WHC: Can you tell us about the team at Liquid Web? Talk about the mission and goals of the team particularly in regards to WordPress site owners.
CL: I came on about 18 months ago. And 18 months ago, there was almost no effort or work around WordPress or WooCommerce. And so part of what I came on to do was build a product team and to have that team dedicated to focus on not only WordPress, but the thing that we just recently launched, managed WooCommerce hosting. So that team’s focus is to build out this new platform. And because there was no managed WooCommerce platform before then, you’re making it up. The question is: What is a Managed WooCommerce Platform? Don’t managed WordPress hosts already let you install WooCommerce? Yeah, but that’s not what a managed platform should be in the WooCommerce world. So, it should mean more. It should do more, and so that’s what we spent time doing. Everybody’s focus is the same in that room. It’s a focus on how do we build the best and the new definition of what managed WooCommerce hosting looks like.
WHC: What are some of the sticking points that WooCommerce users might run into that you’ve addressed with Liquid Web’s Managed WooCommerce Hosting?
CL: One of the biggest is reporting. I mean, reporting is one of those pieces where you’re like if I use the WooCommerce native reporting, first of all I don’t get a lot of data. But if I do get data, it means I’m making my store slower by asking it to run all those queries. So, that’s not good for my customers. But then if I want to know certain questions, [for example] show me all the customers who’ve bought with coupons, it’s like; well I don’t know how to do that. That’s not what I do. So one of the things we went out to do was build a partnership with glew.io. And with Glew, we worked to bring all that auto-segmentation and all of that reporting into the platform. So, reporting was one of them.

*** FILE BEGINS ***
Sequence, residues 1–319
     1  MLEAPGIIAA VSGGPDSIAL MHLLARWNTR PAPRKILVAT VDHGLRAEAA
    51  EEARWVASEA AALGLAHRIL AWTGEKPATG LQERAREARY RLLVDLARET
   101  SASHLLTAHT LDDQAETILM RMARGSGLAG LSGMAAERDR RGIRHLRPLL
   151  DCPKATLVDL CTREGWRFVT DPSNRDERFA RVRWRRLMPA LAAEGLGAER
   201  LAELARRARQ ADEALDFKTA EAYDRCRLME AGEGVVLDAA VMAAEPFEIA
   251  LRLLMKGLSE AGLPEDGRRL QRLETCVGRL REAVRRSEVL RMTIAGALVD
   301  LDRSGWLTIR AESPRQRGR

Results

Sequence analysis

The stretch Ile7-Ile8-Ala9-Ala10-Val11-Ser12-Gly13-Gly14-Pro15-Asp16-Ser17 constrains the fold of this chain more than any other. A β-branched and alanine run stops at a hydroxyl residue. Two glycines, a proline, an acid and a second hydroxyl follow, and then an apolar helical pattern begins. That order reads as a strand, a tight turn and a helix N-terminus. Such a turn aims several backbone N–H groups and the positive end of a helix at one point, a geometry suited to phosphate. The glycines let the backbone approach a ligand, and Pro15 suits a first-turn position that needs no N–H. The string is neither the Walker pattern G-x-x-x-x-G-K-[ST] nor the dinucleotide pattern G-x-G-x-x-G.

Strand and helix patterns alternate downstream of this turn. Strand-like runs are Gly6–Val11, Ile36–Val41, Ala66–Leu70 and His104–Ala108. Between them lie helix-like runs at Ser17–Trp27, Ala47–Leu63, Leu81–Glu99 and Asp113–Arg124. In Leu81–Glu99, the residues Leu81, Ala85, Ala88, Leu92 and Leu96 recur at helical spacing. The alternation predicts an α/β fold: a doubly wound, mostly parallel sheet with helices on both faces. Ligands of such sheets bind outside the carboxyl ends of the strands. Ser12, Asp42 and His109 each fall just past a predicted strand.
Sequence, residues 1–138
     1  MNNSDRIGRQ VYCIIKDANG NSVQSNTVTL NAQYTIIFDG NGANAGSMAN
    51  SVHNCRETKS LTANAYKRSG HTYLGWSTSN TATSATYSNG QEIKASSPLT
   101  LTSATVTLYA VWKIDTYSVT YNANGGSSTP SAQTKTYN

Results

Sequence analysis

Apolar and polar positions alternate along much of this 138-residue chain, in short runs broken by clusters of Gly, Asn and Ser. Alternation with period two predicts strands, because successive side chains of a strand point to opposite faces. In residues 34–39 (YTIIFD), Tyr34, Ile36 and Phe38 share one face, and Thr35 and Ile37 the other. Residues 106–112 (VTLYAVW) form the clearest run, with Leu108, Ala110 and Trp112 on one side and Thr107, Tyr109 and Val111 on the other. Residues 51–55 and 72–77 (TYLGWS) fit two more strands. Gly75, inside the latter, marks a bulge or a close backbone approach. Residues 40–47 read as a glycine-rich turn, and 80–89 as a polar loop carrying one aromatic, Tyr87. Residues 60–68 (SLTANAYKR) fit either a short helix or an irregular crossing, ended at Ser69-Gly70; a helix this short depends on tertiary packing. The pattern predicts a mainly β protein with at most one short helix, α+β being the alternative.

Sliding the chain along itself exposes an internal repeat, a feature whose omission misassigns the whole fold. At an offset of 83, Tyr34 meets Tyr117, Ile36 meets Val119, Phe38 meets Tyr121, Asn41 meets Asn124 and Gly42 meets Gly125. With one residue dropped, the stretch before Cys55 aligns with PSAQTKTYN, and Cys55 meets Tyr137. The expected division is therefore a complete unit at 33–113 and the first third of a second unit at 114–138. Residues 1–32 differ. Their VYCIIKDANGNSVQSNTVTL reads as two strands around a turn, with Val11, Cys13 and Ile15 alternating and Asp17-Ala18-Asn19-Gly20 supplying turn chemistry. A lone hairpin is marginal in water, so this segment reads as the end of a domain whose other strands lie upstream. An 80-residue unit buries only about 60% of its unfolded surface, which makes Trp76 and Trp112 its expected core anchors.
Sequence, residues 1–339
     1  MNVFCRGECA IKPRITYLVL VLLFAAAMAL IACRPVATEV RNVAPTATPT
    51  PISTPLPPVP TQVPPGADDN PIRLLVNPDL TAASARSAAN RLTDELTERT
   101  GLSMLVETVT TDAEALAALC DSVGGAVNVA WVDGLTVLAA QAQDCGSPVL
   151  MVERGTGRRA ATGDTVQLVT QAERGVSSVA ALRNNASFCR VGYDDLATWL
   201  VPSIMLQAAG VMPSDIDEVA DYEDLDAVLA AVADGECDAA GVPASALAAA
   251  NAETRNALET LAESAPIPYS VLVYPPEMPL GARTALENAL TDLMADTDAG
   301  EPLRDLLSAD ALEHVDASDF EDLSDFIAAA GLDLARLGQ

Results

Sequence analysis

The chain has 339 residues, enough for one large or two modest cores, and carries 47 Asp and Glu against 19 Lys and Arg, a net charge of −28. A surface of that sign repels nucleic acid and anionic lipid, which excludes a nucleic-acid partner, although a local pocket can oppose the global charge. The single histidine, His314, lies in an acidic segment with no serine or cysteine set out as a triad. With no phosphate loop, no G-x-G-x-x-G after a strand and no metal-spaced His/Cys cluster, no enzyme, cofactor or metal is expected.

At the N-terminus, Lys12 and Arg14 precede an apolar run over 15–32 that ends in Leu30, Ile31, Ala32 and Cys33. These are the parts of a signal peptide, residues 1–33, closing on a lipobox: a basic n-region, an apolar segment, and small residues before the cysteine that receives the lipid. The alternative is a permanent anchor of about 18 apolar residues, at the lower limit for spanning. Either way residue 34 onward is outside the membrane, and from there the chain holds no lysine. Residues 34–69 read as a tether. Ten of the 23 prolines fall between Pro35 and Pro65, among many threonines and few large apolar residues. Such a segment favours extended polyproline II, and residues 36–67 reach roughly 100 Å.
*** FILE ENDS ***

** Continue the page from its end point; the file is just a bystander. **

Maybe the other biggest one that we spent a lot of time on was speed. The average WooCommerce store loads in 4 to 6 seconds, and you go, “that’s just too slow”. But it’s not necessarily WooCommerce’s fault. It’s often the developers that built the site or the store owners that worked on the site and all the things they did without paying attention to speed. So, we have a sample site for example that we test out every day. We did a lot of performance testing. And that sample site has 9,000 products. It has a good looking theme. It has images and multiple images. It has the ability to zoom in on those images. It has full descriptions on the bodies. It has related products. And that whole site, every page that you’re loading in, loads in about .7 seconds each.
So, speed and reporting were the first two big ones we tackled. And then we layered on abandoned cart, so we did a partnership with Jilt so that you could get those customers back. By getting them back, that gives you the opportunity to generate more revenue. So, those are three of the big ones that we said let’s make sure these are solved by the time we launch.
WHC: For those that are interested in getting a first-hand look at Liquid Web’s WooCommerce Hosting, are they able to schedule a demo online with an advisor?
CL: Yup. And we also have another feature. We have something called the 15 Day Performance Challenge. The 15 Day Performance Challenge is a program where the customer lets us make a copy of their website onto our platform. It’s not a functioning store—we’re not going to deter any traffic or anything else. We just make a copy of the store to our server. And then our team goes and does a series of optimizations. And at each optimization, it tracks the performance difference. And within 15 days, we’ll have a meeting with you and we’ll show you. We’ve done hundreds of these now, and in every single case, the time has dropped by a minimum of 50%. If you take a 12 second store and bring it to 6, or take a 6 second store and bring it down to 2, it is dramatic for that store’s benefit in terms of people clicking and browsing and hanging out.